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Guided by the 40+9 Recommendations of the Financial Action Task Force (FATF), the Solomon Islands Government has established systems to prevent money laundering and the financing of terrorism. These systems include the creation of:
• The Solomon Islands Financial Intelligence Unit (SIFIU) – comprising
the Head of SIFIU, a Compliance Officer and, more recently, a Financial
Analyst on part-time secondment from the RSIP.
• New sources of financial intelligence – all banks are required by law to
report suspicious transactions to the SIFIU. Since 2006, banks have
reported over [x] Suspicious Transaction Reports. Assisted by SIFIU,
banks are required to train staff to recognise and report suspicious
transactions and to appoint a Money Laundering Compliance Officer
(MLRO). Key new sources of financial intelligence to commence in 2009
include Western Union Money Transfer Service, and Customs and
Immigration will commence monitoring and reporting currency
movements across the border of $50,000 or more in Solomon Islands
Dollars (or foreign currency equivalent). Casinos will also be required to
identify and report suspicious transactions in 2009.
• An Anti-Money Laundering Committee – comprising the Attorney-
General (Chair), the Permanent Secretary of Finance, the Police
Commissioner, and the Governor of the Central Bank of Solomon Islands
• A Technical Working Group – comprising representatives from RSIP,
Immigration, Customs, CBSI, and the SIFIU.
Having created the basic infrastructure to prevent financial crime and money
laundering, it is timely to improve the targeting of that infrastructure to detect
and disrupt the most serious financial crimes harming the Solomon Islands.
The purpose of this risk assessment is to improve the detection and
disruption of serious financial crime by:
• Identifying the major types of financial crime generating funds to be
• Mapping the ‘money trail’ used to launder those funds – either in
Solomon Islands or elsewhere
• Educating banks and other financial service providers about the
major sources of financial crime, how to recognise transactions associated
with such crimes, and to better understand the associated ‘money trails’.
• Identifying priorities for further research – particular types of risk
require further research and analysis to improve detection and disruption
of serious financial crime.
Key points of team presentations and discussion are summarised below:
• Corruption: participants noted widespread misuse of official funds, or
office, for private financial gain. Numerous Auditor-General reports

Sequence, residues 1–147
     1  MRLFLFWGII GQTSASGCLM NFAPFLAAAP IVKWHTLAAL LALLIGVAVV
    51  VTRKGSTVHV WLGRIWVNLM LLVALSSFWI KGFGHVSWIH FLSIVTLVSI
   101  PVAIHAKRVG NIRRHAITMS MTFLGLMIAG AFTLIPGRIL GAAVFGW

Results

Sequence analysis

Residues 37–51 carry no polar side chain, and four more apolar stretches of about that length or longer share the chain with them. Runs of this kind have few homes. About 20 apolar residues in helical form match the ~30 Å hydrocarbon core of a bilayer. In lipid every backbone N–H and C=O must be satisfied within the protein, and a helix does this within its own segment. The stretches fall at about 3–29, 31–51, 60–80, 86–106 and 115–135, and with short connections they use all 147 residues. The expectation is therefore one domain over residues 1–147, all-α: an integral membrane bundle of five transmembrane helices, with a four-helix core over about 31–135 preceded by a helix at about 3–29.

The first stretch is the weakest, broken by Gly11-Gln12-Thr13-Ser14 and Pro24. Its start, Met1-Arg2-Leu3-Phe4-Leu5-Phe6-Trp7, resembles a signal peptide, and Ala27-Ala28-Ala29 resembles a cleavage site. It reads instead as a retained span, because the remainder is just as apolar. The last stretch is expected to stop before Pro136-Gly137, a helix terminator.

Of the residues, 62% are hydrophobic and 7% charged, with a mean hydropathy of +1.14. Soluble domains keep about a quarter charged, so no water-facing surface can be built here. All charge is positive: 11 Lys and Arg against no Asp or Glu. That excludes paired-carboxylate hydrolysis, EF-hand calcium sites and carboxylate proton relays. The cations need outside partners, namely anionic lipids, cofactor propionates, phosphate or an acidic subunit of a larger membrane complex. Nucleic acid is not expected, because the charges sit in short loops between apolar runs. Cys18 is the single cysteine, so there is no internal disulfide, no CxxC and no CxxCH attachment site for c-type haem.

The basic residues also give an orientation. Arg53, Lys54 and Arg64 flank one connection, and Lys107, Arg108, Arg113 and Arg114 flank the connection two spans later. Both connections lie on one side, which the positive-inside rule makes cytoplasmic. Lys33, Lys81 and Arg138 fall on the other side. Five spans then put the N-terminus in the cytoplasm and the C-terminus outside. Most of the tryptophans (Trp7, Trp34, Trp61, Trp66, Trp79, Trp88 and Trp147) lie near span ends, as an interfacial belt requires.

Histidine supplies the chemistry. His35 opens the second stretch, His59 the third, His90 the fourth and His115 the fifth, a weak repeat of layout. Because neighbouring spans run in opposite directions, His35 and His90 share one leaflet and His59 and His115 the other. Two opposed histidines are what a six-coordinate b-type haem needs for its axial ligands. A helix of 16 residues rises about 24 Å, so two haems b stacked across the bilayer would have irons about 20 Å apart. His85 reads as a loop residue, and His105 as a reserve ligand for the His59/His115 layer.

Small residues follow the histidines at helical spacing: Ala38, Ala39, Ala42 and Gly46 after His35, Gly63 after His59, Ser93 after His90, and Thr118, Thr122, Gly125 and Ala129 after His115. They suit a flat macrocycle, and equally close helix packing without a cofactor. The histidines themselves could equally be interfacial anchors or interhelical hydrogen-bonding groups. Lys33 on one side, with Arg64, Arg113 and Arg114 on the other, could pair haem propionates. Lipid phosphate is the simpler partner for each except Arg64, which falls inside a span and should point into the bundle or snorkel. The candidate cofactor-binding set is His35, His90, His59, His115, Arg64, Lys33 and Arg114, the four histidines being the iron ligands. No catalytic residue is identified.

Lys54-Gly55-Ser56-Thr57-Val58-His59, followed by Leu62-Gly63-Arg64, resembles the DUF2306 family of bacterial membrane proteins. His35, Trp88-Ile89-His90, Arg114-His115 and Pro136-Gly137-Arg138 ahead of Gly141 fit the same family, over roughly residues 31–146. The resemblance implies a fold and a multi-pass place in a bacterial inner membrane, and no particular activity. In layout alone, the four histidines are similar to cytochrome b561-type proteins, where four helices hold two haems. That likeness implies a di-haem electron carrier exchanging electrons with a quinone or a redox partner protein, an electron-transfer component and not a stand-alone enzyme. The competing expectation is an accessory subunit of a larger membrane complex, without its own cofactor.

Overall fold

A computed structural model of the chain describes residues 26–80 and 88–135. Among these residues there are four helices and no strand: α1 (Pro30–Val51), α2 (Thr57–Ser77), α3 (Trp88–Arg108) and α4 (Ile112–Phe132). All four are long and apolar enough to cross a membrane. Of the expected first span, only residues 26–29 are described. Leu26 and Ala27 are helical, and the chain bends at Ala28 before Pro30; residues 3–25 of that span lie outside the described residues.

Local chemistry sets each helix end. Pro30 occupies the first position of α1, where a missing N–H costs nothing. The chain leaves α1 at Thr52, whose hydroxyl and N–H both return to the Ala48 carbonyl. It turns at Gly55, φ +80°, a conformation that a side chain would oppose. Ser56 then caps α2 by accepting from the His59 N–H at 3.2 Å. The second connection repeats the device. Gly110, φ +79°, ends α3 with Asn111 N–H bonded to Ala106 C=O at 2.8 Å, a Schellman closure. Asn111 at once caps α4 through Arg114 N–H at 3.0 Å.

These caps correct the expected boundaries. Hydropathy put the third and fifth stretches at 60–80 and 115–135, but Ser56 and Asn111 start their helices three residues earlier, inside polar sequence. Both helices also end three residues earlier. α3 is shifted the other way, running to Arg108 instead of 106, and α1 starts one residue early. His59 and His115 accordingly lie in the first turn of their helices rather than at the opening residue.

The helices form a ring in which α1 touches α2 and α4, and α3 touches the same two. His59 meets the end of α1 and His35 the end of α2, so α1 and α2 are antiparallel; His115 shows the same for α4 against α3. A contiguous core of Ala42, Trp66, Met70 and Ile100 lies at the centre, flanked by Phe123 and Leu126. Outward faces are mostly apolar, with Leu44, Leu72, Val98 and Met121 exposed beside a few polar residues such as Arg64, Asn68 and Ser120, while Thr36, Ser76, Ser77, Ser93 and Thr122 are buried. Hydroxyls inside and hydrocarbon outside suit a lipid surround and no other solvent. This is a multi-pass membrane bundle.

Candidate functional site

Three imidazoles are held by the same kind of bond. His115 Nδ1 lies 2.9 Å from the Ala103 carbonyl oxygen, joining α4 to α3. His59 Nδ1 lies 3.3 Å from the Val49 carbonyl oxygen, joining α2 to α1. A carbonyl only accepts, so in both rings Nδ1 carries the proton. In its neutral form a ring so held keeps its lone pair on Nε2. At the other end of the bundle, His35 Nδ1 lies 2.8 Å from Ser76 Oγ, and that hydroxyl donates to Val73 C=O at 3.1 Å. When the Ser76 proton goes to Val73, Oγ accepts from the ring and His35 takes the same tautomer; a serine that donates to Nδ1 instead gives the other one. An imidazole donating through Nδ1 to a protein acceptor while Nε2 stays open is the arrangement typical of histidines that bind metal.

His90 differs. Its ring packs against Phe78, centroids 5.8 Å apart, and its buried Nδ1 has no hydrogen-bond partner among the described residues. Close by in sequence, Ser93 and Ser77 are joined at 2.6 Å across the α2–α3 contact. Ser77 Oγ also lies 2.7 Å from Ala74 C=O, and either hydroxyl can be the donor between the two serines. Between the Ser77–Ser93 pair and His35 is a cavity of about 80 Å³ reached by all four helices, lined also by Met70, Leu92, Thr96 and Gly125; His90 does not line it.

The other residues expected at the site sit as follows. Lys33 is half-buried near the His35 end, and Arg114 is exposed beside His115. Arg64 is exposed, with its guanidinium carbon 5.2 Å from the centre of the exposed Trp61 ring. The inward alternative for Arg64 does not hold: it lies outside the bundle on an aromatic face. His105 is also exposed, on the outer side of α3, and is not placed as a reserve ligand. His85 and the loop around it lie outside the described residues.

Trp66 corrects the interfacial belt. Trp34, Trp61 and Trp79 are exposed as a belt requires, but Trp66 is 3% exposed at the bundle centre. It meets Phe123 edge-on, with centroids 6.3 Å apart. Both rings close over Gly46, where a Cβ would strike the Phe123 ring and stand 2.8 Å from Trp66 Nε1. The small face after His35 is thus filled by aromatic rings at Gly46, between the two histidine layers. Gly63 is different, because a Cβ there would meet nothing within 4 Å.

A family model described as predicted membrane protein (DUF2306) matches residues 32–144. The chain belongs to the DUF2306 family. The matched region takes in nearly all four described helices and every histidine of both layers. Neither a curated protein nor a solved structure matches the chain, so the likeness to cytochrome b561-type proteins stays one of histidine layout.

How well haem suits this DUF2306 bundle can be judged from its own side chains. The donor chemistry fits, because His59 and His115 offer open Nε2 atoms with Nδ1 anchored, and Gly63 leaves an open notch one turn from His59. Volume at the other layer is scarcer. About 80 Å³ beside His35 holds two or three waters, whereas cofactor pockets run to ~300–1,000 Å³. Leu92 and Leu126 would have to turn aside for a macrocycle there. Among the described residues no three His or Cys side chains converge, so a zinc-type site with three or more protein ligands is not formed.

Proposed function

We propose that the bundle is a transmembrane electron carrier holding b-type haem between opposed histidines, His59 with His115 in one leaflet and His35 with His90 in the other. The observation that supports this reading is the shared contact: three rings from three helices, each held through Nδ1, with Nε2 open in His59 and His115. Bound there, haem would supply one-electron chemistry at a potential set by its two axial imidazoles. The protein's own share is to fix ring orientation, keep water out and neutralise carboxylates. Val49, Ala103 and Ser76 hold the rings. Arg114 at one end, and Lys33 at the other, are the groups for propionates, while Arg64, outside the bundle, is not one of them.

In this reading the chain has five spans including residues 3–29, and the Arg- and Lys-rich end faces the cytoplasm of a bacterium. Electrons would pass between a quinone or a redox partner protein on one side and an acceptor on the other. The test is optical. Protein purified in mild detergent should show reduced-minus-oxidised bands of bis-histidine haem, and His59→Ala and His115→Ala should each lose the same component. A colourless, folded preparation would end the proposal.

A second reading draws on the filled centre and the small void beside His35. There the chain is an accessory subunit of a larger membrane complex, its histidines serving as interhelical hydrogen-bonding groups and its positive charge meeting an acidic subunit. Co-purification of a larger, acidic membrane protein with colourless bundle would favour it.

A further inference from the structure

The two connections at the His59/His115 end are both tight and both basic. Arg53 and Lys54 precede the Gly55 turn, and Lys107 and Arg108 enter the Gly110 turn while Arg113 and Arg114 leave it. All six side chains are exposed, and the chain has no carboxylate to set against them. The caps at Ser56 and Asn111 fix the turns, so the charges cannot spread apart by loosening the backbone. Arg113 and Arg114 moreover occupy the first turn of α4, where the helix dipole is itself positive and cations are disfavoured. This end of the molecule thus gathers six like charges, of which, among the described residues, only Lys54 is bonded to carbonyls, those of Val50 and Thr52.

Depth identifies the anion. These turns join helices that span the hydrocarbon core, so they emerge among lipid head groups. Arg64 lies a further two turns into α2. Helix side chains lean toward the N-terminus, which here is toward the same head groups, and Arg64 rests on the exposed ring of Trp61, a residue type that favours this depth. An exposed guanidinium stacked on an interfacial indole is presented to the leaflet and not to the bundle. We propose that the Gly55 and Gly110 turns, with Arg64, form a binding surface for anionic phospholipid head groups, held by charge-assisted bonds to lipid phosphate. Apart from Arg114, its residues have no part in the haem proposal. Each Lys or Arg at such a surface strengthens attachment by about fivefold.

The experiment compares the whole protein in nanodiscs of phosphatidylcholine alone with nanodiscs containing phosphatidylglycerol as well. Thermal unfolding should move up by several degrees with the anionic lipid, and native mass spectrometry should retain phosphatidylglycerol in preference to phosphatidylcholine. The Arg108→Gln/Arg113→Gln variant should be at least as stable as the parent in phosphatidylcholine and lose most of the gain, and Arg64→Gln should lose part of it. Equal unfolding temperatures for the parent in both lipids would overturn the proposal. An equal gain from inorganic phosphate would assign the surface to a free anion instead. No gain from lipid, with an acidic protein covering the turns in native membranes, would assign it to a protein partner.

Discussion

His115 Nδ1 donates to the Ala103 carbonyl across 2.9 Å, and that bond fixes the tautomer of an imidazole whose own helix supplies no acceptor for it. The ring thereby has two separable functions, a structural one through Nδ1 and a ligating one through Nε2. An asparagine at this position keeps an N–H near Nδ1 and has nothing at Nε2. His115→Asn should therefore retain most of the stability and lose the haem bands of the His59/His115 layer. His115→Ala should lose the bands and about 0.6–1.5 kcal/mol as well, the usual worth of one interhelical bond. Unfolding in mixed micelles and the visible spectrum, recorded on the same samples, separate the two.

found that corruption is facilitated by widespread non-compliance with
financial legislation and regulations; officials acting outside their
authority; serious breakdown in critical management, accounting and
record keeping systems; proliferation of unauthorised government bank
accounts (over 300); and conflicts of interest not being declared.
• Fraud, forgery and revenue evasion: millions of dollars are lost
through fraud by government employees; officials using positions of
influence to assist associates to receive benefits; lack of action to enforce
revenue collection or to recover overpayments, with suspected criminal
activity (eg. royalties diverted to private accounts). Concern about land
allocations, the issuance of immigration passports and citizenship, and
abuse of aviation revenue.
• Environmental crime: participants noted that illegal logging causes
unsustainable deforestation, harms local communities, generates large
sums to be laundered, and is a major driver of corruption. ‘Hundreds of
millions’ has been lost in foregone forestry and fisheries revenue.
Suspicion persists that foreign vessels are a platform for smuggling SI wildlife to international markets (eg snakes and endangered parrots).
Smuggling of SI dolphins for use in marine entertainment parks can be
especially lucrative – fetching between $800,000 – $1.6m SBD each.
Participants were also concerned by smuggling of SI war relics.
• Counterfeit products and cash: sales of counterfeit music and movies
are common. Central Bank of Solomon Islands has repeatedly detected
counterfeit SI $50 and $100 notes (eg. 2004, 2007 and 2008). CBSI has also
detected counterfeit US dollars. There is suspicion that Asian logging
vessels (particularly Malaysian) bring counterfeit currency into Solomon
Islands to finance forestry operations.
• Sexual exploitation: concern was expressed about trafficking Asian
women into Solomon Islands for prostitution, as allegedly occurs in
neighbouring PNG. Important clientele were considered to be casino and
nightclub patrons, and employees of logging and fishing industries. There
are also reports of Solomon Islands women and girls entering prostitution
in Honiara and in forestry camps.
• Illicit drugs: cannabis production and sale is common. There are
suspicions that cannabis is also smuggled from PNG to Solomon Islands.